Moving Beyond “Healthy” Anger
by David Sanderlin
Christian married couples are called to love their spouses with a Christ-like love that is patient and kind, with no selfish or unjust anger, envy, or other unloving emotions (1 Cor. 13:4-7).
Don, a Christian realtor, does not love his wife Jaimee with a Christ-like love when she forgets to give him a phone message about an important real estate deal. Don yells angrily: “How could you forget the phone message? You’re so inconsiderate! Promise me you will never forget any of my phone messages again!”
St. Francis de Sales warns Christians that anger can turn into hatred. Couples can deal with anger effectively by managing their anger and, most of all, by following Jesus with love, wisdom, and other Christian virtues. Anger management helps couples grow from an unhealthy anger to a normal, supposedly healthy anger. Following Jesus virtuously helps couples grow further towards a Christ-like, anger-free marital love.
Moving from unhealthy to “healthy” anger
Anger management experts help couples with unhealthy anger move towards a normal “healthy” anger by managing their anger with such things as timeouts, deep breathing, empathy, cognitive therapy, and communication. With “healthy” anger, couples act constructively and reasonably. But they still feel angry at times. They typically experience a few episodes of moderate anger a week, often with some yelling, according to an American Psychological Association report.
“Healthy” anger is better than unhealthy anger. But “healthy” anger is not all it’s cracked up to be. Suppose a couple’s “healthy” anger lingered for the rest of the day or evening, and suppose the couple experienced also a few episodes of “normal” envy every week, and “normal” anxiety, and other negative, un-Christ-like emotions. That’s a lot of negative, un-Christ-like emotional turmoil!
Jesus calls couples to grow from an unhealthy or “healthy” anger towards a Christ-like, anger-free marital love. But many anger management experts, and even some Christian marriage experts, say that we cannot help being angry at times, so we are not morally responsible for our angry feelings or for other emotions.
Growth towards a Christ-like, anger-free marital love
Jesus can help couples grow towards a Christ-like, anger-free marital love. We couples are often morally responsible for our emotions, and we can become Christ-like emotionally. Jesus teaches that “anyone who is angry with his brother will answer for it before the court” (Matt. 5:22). St. Augustine writes that our emotions are morally good if our love is good, and morally evil if our love is evil. St. Thomas Aquinas teaches that our emotions are morally good if they are reasonable, and morally evil if they are unreasonable.
Aquinas explains that we are not morally responsible for the involuntary, irrational, physical elements of our emotions, such as a rapid heart rate, but we are often morally responsible for the voluntary, rational elements of our emotions, such as thoughts and feelings of anger. Most of us become more reasonable and loving emotionally as we grow from infancy to adulthood. During our Terrible Twos we might have thrown temper tantrums if we had not been given Cap’n Crunch’s Crunch Berries for breakfast, but we would not have been morally responsible for this. Adults, however, would ordinarily be morally responsible for temper tantrums like this.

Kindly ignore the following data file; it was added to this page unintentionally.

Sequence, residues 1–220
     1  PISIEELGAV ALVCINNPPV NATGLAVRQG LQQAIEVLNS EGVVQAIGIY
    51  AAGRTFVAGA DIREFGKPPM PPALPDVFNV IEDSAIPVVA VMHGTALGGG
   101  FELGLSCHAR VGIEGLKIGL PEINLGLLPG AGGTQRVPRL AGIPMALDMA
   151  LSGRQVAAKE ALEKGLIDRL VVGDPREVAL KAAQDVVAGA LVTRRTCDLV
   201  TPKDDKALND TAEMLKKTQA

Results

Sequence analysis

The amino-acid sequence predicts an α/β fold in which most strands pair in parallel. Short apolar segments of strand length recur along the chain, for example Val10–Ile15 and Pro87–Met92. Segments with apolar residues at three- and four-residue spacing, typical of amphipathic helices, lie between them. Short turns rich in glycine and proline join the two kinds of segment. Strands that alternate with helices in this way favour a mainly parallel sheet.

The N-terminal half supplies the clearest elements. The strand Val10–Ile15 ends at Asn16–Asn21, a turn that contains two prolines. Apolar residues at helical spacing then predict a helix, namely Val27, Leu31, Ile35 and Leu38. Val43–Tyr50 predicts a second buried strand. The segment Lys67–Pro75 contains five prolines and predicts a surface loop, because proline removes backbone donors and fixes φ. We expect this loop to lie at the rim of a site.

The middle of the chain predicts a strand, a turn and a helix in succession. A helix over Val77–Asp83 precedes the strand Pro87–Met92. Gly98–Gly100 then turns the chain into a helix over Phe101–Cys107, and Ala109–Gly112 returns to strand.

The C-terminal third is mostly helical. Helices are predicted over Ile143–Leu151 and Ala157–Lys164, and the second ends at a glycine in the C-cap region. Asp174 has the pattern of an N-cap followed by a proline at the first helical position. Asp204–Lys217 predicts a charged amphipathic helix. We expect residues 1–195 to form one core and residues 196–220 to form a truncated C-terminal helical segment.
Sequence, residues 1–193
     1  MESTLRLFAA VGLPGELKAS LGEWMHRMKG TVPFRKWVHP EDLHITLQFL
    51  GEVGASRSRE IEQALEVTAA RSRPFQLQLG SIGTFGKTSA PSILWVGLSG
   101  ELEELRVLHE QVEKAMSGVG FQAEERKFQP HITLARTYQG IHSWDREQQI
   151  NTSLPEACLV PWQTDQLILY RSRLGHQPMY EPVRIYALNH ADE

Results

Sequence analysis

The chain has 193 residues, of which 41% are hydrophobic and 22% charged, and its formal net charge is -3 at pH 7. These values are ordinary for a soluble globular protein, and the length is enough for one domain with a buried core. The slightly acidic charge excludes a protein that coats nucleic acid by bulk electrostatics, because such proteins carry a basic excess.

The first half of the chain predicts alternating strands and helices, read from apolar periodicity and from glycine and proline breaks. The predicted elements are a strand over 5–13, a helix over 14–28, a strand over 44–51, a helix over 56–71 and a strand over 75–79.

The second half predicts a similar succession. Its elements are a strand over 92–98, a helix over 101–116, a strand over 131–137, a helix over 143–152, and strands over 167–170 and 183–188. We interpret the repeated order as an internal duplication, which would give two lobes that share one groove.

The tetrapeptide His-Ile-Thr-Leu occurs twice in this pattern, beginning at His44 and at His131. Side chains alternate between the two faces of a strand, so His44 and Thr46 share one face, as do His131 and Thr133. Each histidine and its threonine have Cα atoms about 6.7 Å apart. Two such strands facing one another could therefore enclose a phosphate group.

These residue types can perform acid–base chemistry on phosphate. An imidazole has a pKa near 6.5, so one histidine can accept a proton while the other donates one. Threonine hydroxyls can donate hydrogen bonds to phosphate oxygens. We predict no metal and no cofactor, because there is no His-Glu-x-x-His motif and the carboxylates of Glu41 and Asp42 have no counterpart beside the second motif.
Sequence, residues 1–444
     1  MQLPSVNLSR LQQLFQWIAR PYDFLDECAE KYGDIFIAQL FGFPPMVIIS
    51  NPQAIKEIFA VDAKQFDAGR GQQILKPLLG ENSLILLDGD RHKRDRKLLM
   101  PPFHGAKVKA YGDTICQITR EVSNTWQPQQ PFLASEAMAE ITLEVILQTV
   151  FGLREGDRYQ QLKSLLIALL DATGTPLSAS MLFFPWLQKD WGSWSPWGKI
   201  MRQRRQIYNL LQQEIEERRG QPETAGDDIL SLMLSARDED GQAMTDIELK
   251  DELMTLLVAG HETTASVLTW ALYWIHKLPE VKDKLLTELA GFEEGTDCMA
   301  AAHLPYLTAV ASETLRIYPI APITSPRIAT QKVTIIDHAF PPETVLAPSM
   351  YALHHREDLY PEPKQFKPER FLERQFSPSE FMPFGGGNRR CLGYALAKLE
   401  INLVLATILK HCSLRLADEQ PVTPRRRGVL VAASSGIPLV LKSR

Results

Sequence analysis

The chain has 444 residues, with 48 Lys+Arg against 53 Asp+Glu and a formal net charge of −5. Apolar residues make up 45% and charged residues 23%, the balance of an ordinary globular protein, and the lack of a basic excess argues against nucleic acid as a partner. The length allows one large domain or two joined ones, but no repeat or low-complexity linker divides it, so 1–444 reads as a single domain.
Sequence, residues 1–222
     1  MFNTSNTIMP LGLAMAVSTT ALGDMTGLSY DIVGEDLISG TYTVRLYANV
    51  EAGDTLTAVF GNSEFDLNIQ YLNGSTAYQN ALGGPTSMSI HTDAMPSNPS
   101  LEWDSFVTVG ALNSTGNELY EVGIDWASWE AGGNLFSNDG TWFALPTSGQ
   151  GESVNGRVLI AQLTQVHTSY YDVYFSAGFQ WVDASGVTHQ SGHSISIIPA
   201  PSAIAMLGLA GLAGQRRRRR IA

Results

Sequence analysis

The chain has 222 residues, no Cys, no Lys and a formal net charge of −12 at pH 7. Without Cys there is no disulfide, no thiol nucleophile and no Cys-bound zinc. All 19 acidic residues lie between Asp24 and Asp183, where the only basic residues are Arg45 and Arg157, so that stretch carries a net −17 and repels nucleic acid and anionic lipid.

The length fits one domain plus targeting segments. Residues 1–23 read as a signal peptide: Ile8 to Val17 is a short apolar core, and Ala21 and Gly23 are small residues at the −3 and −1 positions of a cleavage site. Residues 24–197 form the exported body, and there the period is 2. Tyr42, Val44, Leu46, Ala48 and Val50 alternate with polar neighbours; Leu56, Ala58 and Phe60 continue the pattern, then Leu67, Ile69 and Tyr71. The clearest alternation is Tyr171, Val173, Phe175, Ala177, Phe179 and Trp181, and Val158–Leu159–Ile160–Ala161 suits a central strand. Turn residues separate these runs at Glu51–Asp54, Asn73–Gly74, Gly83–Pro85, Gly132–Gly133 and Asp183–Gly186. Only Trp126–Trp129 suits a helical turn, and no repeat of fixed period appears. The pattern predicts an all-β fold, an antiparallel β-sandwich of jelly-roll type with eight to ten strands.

Couples can gradually reduce and eventually eliminate selfish or unjust anger with love, wisdom, and other Christian virtues, together with God’s healing and divinizing grace. Aquinas teaches that we can control anger and other emotions with a wise intellect (wisdom) and a loving will (love). Suppose that the realtor Don took a timeout when he was mad at Jaimee for forgetting the phone message, but he still felt angry. With Christian wisdom, Don could come up with reasons for not being mad at Jaimee. He could reason that Jaimee just forgot to give him the message, so she was not trying to hurt him, and everyone forgets things at times. He could reason also that anger usually punishes itself and profits nobody, and that Jesus wants him to treat Jaimee well instead of blasting her angrily.
With Christian love in addition to wisdom, Don could desire and choose to love Jaimee generously instead of getting mad at her. Then he would be following the advice of Francis de Sales that it is better “to find the way to live without anger, than to pretend to make a moderate and discreet use of it.” Here Francis criticizes the “anger management” theories of his times.
Christian couples can gradually reduce and eventually eliminate anger with love, wisdom, and other Christian virtues. These virtues kill off anger more powerfully than anger management does–especially if couples commit themselves to following Jesus virtuously in a peaceful and joyful Christian marriage discipleship.
About the author
David Sanderlin (Ph.D., University of Notre Dame) is a retired college professor and author of books and articles on Catholic spirituality, ethics, relationships and other topics.
This article is drawn largely from the author’s Catholic marriage guide, The Christian Way to be Happily Married (Christian Starlight Press, 2010), especially Part III, Chapter 3.